I’ve been working on a number of posts over the last few weeks, and while many are still in development, one thing I’ve noticed about many of the initiatives within the PS tend to be things I’ve learned from blogs and twitter. Now, while this may be a good way to get information out to those who are looking/paying attention, we need to start getting people involved earlier. Getting new public servants on GCpedia, GCconnex, and more importantly, into the mindset that that is how government is going to function is a key part of a strategy to getting everyone on board.
Yet, unless your manager happens to be one of the plugged in people, you may never know about it, learn about it later on, or be sure how to contribute in a meaningful way. The PS is a big machine, and navigating your way around as a newbie can be a daunting experience. No matter what, you’ll also be at the mercy of your manager to a certain extent. Terrible managers are out there, as are fantastic managers, and depending on what one you happen to get, it will have an impact on your initial experience within the PS.
Tools like GCpedia and GCconnex only work if it becomes part of our culture to utilize them and share information early on. This issue becomes two fold: Technological and Cultural. In order for these (and other) initiatives to achieve greater success, both of these issues need to be addressed.
I admit upfront — I can identify a computer correctly 7/10 times. I’m not technologically inclined. I don’t understand coding, programming, etc. It needs to be simple for me to understand it. For me, then, the technological problem is that I need something simple.
GCpedia actually does a fairly decent job of making things easy, assuming one knows how to copy and paste. While I can’t do any fancy formatting, I can add to a page without screwing it up and might be able to start a new page.
As someone who works in policy, I’m not necessarily looking for the latest in technology. To do my job I only need two programs (word/power point or their equivalents) and the ability to do research. The latter is where GCpedia can really help out (and has on a few occasions), but I find that the search tool on GCpedia isn’t intuitive. It needs to be as simple as possible. Whether it’s through particular naming conventions, tagging, etc. (which of course, only work if everyone is playing by the same rules).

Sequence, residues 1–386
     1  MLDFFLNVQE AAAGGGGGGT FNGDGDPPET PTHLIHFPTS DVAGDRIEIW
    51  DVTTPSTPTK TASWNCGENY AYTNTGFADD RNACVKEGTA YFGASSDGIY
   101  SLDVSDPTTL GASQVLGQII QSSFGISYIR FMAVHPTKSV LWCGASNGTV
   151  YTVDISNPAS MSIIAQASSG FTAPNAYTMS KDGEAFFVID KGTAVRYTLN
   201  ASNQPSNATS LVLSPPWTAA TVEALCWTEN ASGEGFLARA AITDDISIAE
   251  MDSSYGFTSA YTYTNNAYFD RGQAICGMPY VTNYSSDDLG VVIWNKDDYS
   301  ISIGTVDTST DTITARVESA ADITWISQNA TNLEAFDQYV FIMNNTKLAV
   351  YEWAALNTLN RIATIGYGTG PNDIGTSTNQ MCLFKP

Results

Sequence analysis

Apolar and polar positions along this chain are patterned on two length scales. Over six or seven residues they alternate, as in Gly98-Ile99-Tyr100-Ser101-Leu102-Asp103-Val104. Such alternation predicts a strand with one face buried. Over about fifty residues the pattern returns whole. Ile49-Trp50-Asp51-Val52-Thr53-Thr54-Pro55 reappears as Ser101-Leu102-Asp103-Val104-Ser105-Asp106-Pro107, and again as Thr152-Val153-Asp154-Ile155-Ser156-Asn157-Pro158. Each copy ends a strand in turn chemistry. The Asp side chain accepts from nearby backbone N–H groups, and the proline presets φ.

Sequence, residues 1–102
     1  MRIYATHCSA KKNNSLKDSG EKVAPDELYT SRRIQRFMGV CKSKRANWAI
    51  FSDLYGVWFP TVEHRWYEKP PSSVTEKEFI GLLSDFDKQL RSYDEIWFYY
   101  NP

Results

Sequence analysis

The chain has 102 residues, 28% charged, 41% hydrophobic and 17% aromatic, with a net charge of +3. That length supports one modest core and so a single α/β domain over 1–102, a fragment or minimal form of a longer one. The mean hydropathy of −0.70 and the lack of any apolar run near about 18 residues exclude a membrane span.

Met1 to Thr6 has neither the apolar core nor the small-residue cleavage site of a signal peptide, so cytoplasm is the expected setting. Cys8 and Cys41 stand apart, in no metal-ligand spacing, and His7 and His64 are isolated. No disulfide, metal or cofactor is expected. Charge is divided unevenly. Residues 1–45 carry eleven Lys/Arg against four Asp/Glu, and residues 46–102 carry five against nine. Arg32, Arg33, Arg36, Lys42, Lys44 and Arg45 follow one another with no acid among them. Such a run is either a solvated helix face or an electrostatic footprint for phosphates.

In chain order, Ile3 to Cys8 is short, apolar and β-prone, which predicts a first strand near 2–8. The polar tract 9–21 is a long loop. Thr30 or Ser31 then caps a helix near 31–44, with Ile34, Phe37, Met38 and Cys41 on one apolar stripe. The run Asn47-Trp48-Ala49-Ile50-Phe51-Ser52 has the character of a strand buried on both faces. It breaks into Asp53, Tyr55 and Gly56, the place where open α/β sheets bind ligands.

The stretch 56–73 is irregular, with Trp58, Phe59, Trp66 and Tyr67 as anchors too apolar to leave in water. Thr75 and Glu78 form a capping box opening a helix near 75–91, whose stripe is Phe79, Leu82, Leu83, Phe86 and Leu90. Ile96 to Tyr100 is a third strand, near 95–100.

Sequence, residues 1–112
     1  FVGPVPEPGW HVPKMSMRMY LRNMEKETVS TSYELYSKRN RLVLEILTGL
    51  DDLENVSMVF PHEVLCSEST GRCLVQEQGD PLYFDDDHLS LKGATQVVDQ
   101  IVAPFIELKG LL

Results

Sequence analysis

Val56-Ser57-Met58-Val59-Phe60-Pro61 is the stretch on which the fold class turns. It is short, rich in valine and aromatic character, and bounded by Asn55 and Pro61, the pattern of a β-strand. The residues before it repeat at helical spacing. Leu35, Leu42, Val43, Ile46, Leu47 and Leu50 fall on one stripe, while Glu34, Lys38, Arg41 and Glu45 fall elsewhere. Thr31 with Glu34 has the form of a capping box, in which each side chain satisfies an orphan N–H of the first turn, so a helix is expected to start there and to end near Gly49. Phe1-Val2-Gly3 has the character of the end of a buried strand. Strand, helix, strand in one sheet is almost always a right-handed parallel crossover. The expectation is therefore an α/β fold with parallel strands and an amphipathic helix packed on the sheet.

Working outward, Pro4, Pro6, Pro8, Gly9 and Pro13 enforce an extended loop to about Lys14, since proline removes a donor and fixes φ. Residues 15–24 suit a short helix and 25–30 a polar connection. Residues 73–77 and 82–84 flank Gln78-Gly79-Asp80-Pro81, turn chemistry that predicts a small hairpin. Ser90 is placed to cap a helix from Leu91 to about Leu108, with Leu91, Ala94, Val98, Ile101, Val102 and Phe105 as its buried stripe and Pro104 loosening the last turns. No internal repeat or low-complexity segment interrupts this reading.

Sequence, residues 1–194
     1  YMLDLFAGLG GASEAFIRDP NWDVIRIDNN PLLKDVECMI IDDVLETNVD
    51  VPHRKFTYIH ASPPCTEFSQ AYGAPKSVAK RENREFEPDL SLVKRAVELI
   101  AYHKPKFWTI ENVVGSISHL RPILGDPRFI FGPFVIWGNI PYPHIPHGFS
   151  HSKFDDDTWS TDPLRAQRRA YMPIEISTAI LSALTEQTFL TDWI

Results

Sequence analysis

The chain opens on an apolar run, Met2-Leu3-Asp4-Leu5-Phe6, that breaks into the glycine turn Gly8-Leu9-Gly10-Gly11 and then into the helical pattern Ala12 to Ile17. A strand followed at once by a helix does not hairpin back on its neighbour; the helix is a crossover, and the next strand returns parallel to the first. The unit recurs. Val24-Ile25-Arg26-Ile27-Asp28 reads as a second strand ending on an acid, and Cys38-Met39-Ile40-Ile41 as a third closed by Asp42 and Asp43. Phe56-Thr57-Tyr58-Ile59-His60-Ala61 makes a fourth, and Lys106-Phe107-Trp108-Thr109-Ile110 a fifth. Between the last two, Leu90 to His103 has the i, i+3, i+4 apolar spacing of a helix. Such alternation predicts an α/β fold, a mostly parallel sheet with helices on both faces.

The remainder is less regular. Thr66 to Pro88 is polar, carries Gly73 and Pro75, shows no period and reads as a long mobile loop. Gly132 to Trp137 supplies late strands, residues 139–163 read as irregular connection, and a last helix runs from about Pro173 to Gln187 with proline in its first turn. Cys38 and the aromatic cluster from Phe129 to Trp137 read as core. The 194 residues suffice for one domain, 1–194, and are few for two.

In order for the search tool to be effective, we also need information to be, well, shared. This leads us into the second, and perhaps more complex issue.
I worry when we talk about culture shifts, mostly because it tends to be used as an excuse. “A culture shift”, the argument goes, “doesn’t happen over night.” From what I can ascertain so far, it becomes an excuse to not push forward.
To me, a culture shift isn’t an event — it’s ongoing. Culture is constantly shifting. To say we shouldn’t push/do something because it requires a culture shift is entirely counterintuitive to the notion of a shift of culture. The shift is already happening, sometimes we just need to push just a bit more. Saying we’re going to do nothing, as it will require a “cultural shift” is walking away from the problem (or more often, walking away from the solution).
In the context of GCpedia, we need to try to engage all levels, but let’s start to engage the newbies. I’ve talked to countless colleagues who, in their first year or so in the PS, profess to being bored and not given anything to do. Let’s use these people. The question is: How do we get them on GCpedia?
A few months ago, I attended the Orientation to the Public Service. A mandatory one-day course, run by the Canada School of Public Service. While an interesting course, I think it could’ve been enhanced by the inclusion of such things like GCpedia and GCconnex. An explanation of what everyone’s role is in contributing could be key to getting people on board. Especially if some of these new public servants of spare time, why not hope that they take the time to write about what their group is doing?
The follow-up here is that managers need to be comfortable sharing information not only within their department, but between departments as well. There need to be people who are dedicated to keeping this information up to date. While we have volunteers right now who do this, it doesn’t seem to be institutionalized yet. Let’s capitalize on those new to the PS.
I think there is often an attempt to separate the cultural and technological issues (I know I someone else mentioned this idea to me, but can’t remember who — many thanks to you, anonymous friend), and we need to deal with both. While trying to get senior management is necessary, it is not sufficient for these tools become central to the way we do business. For these tools to become central, we must address both sets of issues and get those who are new on board as well.